MA, University of Maryland, Baltimore County, Baltimore, MD, 2006
BA, Illinois State University, Normal, IL, 2004

Courses Taught:

Faculty Fellow, Introduction to Psychology, Western New England University, Springfield, MA, 2008- 2010
Assistant Professor, Verbal Behavior, University of Nebraska Medical Center, Omaha, NE, 2011
Assistant Professor, Quantitative and Experimental Analysis of Behavior, University of Nebraska Medical Center, Omaha, NE, 2013

Research Interests and Projects:

  • Prevention of problem behavior
  • Strategies to promote skill generalization and maintenance
  • Functional analysis and treatment of severe problem behavior
  • Assessment and treatment of children’s sleep disturbances
  • Comparison of data-collection systems
  • Client preference
  • Identification of barriers to treatment integrity
  • Objectively determining client’s preference for intervention and teaching strategies
  • Identification and remediation of barriers to treatment integrity
  • Improving advanced conversation and social skills with individuals with autism

Publications: (within the last 5 years)

  • Luczynski, K. C., & Hanley, G. P. (in press). How should periods without social interaction be scheduled? Child preference for practical schedules of positive-reinforcement. Journal of Applied Behavior Analysis
  • Luczynski, K. C., Hanley, G. P., and Rodriguez, N. M. (in press). An evaluation of the generalization and maintenance of functional communication and self-control skills with preschoolers. Journal of Applied Behavior Analysis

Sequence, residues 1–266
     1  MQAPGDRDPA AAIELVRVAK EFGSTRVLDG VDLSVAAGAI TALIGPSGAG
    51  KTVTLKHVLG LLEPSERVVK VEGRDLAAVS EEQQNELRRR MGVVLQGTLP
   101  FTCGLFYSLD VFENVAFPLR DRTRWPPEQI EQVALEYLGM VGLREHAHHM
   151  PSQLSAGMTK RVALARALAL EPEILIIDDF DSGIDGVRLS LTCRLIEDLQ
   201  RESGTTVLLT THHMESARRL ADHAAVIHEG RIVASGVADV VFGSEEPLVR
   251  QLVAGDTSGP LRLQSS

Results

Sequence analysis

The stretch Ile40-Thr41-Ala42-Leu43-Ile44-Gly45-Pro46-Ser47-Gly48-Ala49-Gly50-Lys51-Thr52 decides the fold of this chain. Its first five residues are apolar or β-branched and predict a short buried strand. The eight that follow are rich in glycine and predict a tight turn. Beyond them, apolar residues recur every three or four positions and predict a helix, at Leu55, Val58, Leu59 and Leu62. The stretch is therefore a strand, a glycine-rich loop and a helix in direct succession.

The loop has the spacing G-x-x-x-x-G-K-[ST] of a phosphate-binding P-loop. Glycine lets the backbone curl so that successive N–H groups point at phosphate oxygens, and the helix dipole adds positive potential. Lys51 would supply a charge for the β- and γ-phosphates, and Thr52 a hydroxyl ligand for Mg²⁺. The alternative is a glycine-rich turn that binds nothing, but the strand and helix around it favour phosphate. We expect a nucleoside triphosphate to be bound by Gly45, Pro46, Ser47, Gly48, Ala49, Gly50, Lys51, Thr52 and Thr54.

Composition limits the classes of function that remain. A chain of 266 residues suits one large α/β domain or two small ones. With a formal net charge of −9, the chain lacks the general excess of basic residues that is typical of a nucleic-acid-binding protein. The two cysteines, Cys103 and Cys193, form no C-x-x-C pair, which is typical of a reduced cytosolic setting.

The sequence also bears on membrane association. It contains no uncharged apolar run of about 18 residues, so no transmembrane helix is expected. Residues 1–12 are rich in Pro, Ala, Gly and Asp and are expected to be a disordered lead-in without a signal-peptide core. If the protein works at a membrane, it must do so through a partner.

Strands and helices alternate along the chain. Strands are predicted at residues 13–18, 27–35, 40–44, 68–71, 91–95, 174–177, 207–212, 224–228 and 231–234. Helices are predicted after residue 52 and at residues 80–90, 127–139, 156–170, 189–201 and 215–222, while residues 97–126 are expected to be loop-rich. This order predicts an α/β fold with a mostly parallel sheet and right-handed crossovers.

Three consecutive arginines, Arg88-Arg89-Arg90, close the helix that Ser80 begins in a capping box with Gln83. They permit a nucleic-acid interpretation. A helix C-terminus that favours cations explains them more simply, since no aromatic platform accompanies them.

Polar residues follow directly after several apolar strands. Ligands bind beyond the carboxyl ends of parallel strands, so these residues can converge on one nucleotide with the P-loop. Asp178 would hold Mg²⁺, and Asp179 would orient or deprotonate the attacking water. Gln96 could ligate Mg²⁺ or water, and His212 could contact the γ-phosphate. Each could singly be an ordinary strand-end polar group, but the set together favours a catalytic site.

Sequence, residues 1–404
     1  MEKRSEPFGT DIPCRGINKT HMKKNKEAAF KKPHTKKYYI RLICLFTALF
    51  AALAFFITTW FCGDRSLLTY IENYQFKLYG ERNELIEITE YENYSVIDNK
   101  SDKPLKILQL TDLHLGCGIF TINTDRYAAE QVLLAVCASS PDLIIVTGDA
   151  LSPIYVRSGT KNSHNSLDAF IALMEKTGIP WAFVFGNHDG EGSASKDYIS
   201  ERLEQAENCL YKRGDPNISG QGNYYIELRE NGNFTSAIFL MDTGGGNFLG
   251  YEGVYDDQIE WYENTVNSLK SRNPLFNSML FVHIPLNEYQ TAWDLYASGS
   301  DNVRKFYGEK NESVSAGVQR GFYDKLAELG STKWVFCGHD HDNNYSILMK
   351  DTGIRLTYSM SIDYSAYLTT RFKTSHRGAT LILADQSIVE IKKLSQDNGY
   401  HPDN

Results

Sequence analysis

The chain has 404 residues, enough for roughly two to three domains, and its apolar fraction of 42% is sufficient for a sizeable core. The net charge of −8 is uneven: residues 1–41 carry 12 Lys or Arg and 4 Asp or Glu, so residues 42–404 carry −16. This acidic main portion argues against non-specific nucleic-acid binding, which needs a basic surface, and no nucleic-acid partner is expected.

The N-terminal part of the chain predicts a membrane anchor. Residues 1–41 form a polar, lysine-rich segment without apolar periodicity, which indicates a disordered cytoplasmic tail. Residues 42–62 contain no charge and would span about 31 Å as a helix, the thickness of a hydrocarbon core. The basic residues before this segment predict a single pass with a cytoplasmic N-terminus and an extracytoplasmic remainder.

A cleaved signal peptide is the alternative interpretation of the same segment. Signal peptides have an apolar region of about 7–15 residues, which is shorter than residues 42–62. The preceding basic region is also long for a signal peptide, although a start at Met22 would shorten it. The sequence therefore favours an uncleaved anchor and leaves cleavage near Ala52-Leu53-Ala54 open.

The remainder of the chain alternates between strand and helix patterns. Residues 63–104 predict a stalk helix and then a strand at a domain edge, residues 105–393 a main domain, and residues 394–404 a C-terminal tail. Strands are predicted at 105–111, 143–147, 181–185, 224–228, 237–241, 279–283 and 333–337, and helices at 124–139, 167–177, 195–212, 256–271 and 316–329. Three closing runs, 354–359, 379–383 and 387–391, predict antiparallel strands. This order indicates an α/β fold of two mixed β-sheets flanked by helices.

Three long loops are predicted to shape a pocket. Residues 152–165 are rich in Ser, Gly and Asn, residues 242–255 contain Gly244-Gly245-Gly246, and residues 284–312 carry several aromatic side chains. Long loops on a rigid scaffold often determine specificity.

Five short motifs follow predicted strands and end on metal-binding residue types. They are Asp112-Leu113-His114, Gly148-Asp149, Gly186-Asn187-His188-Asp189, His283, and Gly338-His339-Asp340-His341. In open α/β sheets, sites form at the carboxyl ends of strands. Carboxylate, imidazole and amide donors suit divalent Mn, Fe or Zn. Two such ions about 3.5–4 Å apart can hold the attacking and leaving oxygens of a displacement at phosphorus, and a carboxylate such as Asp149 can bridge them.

• Luczynski, K. C., & Hanley, G. P. (2013). Prevention of problem behavior by teaching functional communication and self-control skills to preschoolers. Journal of Applied Behavior Analysis, 46, 355-386. (Lead Article)
  • Fisher, W. W., Rodriguez, N. M., Luczynski, K. C., & Kelley, M.E. (2013). The use of protective equipment in the management of severe behavior disorders. In Handbook of Crisis Intervention for Individuals with Developmental Disabilities, Reed, DiGennaro Reed, & Luiselli (Eds)
  • Luczynski, K. C., & Hanley, G. P. (2010). Evaluating the generality of children’s preferences for contingent reinforcement via extension to different responses, reinforcers, and schedules. Journal of Applied Behavior Analysis, 43, 397-409. 
  • Luczynski, K. C., & Hanley, G. P. (2009). Do children prefer contingencies? An evaluation of the efficacy of and preference for contingent versus noncontingent social reinforcement during play. Journal of Applied Behavior Analysis, 42, 511-525.
  • Kuhn, D. E., Hardesy, S. L., & Luczynski, K. C. (2009). Further evaluation of antecedent social events during functional analysis. Journal of Applied Behavior Analysis, 42, 349-353.

Professional Affiliations:

  • American Psychology Association, Division 25
  • Association for Behavior Analysis International
  • Berkshire Association for Behavior Analysis and Therapy
  • Heartland Association for Behavior Analysis
  • Society of the Teaching of Psychology